UCLA, ARB, WVU measure on-road particle numbers for heavy-duty diesel and CNG trucks in California

UCLA, ARB, WVU measure on-road particle numbers for heavy-duty diesel and CNG trucks in California

3 June 2017

In a new study, a team from UCLA, with colleagues from the California Air Resources Board (ARB) and West Virginia University, measured total particle number emission factors (PNEFs) from six newly certified heavy-duty vehicles (HDVs) powered by diesel and CNG totaling over 6,800 miles of on-road operation in California. They calculated distance-, fuel- and work-based PNEFs for each vehicle. A paper describing their findings is published in the ACS journal Environmental Science & Technology.

They found that distance-based PNEFs of the vehicles equipped with original equipment manufacturer (OEM) diesel particulate filters (DPFs) in the study had decreased by 355–3,200 times compared to a previous retrofit DPF dynamometer study. Fuel-based PNEFs were consistent with previous studies measuring plume exhaust in the ambient air. On-road PNEFs showed route and technology dependence.

Scientists and regulators have long known that PM is a mixture of different-sized particles. Within the PM category, ultrafine particles (UFPs) make up the smallest size fraction (d ≤ 100 nm). In the United States, PM is regulated on a mass basis as part of engine, vehicle, and ambient air quality standards. A small fraction of PM is attributed to UFPs, but when quantified on a number basis, UFPs may account for more than 90% of the total number of engine PM. Both animal and human studies have provided evidence for respiratory and cardiovascular effects associated with exposure to UFPs. Currently, there are no regulatory standards that directly control UFPs in the United States. U.S. EPA concluded that more research is needed to further investigate the role of UFPs on PM-mortality associations in its 2009 Integrated Science Assessment. In recognition that UFPs may be associated with potential health impacts, U.S. EPA has encouraged conducting UFP measurements at near-road monitoring sites.

Laboratory dynamometer emission tests have evaluated the total particle number emissions (PN) from HDVs with and without aftertreatment devices. Previous on-road tests have measured the concentration of solid particles, which are defined as particles that remain in the aerosol phase after thermal treatment at around 300 ˚C with diameters between 23 nm to 2.5 μm, using the Particle Measurement Programme (PMP) method. However, limited studies have examined total particle number emissions from HDVs driving on road, which are typically formed during dilution rather than combustion. Therefore, the purpose of this study is to help improve the understanding of real-world total particle number emission patterns of various HDV technologies, which will also help to better understand the impacts of HDV on near-roadway UFP concentrations.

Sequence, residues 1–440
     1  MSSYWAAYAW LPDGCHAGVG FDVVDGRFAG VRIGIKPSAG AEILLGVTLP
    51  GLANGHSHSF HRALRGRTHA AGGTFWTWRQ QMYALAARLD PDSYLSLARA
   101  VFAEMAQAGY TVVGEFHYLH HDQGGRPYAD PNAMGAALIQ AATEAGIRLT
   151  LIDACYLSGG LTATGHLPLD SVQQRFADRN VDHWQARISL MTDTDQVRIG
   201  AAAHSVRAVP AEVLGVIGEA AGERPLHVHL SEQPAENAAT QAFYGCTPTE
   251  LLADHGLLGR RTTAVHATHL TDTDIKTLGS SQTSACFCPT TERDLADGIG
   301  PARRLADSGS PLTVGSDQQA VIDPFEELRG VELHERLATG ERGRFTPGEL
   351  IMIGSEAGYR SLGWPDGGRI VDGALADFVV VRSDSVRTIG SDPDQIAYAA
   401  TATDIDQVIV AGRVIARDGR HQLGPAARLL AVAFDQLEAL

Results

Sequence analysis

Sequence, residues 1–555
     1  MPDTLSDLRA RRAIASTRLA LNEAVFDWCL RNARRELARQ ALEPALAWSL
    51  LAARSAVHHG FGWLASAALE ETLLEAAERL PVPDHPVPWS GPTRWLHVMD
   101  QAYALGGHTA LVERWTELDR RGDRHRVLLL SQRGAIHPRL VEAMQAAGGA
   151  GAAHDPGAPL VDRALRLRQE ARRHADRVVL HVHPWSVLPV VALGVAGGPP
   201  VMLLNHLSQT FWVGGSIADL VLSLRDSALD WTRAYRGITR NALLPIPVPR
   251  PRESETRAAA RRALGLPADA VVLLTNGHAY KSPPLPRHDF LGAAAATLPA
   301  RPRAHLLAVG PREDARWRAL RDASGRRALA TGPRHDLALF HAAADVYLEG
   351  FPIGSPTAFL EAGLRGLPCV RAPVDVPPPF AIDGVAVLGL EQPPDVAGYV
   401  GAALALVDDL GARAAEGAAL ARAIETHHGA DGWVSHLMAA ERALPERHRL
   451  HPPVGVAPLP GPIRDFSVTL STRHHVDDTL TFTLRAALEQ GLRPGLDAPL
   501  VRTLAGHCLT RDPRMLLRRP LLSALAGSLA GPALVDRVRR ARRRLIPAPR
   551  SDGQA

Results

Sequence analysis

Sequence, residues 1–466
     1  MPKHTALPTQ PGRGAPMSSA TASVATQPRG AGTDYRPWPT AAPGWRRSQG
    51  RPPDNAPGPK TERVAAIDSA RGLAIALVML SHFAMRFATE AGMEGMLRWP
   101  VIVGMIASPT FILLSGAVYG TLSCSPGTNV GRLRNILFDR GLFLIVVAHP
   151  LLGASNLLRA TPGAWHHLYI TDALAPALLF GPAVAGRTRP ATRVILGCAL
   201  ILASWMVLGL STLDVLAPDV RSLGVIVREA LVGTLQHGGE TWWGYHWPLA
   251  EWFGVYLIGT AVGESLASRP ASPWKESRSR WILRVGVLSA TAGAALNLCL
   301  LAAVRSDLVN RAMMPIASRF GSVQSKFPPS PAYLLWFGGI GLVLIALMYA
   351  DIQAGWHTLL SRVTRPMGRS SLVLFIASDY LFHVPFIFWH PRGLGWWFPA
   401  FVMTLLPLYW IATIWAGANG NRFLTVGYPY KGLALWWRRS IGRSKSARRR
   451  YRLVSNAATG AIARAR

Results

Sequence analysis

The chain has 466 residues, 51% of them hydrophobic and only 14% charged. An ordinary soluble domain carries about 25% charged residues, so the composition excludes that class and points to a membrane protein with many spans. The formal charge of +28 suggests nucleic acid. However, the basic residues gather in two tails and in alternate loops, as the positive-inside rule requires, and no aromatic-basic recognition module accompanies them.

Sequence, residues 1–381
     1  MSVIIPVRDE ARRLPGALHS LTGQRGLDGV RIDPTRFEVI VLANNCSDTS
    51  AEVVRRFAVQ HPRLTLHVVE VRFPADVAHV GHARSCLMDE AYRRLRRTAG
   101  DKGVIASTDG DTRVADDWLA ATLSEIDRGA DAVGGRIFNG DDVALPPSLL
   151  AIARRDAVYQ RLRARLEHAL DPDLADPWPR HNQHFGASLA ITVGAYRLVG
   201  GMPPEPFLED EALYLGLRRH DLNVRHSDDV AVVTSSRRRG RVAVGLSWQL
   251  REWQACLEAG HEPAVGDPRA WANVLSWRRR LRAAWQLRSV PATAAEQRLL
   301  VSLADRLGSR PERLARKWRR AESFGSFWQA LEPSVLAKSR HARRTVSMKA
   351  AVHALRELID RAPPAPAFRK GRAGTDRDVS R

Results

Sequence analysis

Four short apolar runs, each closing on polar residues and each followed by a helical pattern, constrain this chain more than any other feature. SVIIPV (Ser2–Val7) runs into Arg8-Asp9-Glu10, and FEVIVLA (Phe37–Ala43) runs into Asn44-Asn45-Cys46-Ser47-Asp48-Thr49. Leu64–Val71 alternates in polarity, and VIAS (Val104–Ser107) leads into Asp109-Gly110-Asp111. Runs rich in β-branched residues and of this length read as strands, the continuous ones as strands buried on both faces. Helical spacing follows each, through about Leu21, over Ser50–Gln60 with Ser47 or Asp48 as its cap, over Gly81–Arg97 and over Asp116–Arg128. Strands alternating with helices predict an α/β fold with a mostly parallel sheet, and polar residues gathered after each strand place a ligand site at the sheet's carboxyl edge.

—Wang et al.

The team selected the vehicles in the study to represent four emission technology groups currently prevalent in California:

  1. One MY 2007 (Vehicle Nº 1) diesel engine with no SCR and certified to a 2.3 g/bhp-hr NOx family emission limit (FEL);

  2. Two MY 2013 (Nº 2 and Nº 5) and a MY 2014 (Nº 4) diesel engines equipped with SCR;

  3. One MY 2013 compressed natural gas (CNG) (Nº 3) 12-L engine with a three-way catalyst (TWC) certified to the 0.2 g/bhp-hr NOx standard; and

  4. One hybrid diesel vehicle (Nº 6) with a MY 2011 engine with no SCR
    and certified to a 0.47 g/bhp-hr NOx FEL.

All diesel vehicles were equipped with a DOC and a DPF.

Six route types represented real-world driving conditions associated with freight operation in California, including steep hill climb; highway speed; congestion; stop-and-go operations at ports and rail yards; and urban “last-mile” delivery routes.

Route-specific PNEFs (in log scale) of the six vehicles compared to a reference study of MY 1998 diesel vehicles in the transient and cruise at 50 mph on the dyno. Credit: ACS, Wang et al. Click to enlarge.

All test vehicles pulled the West Virginia University’s Transportation Emissions Measurement System (TEMS), which was affixed to a flatbed trailer along with an on-board power generator. The TEMS housed a full-scale constant volume sampling (CVS) and a suite of gaseous and particle emission measurement systems. Two dilution systems were used for measuring total particle number concentrations in this study.

Sampling configuration. Credit: ACS, Wang et al. SI. Click to enlarge.

Broadly, they found that for vehicles with OEM DPFs and Selective Catalytic Reduction Systems, PNEFs under highway driving (i.e., 3.34 × 1012 to 2.29 × 1013 particles/mile) were larger than those measured on urban and drayage routes (i.e., 5.06 × 1011 to 1.31 × 1013 particles/mile).

They suggested that this likely occurs because a significant amount of nucleation mode volatile particles were formed when the DPF outlet temperature reached a critical value—usually over 310 °C, which was commonly achieved when vehicle speed was sustained over 45 mph. A model year 2013 diesel HDV produced approximately 10 times higher PNEFs during DPF active regeneration events than non-active regeneration.


  • Tianyang Wang, David C. Quiros, Arvind Thiruvengadam, Saroj Pradhan, Shaohua Hu, Tao Huai, Eon S. Lee, and Yifang Zhu (2017) “Total Particle Number Emissions from Modern Diesel, Natural Gas, and Hybrid Heavy-Duty Vehicles During On-Road Operation”
    Environmental Science & Technology doi: 10.1021/acs.est.6b06464



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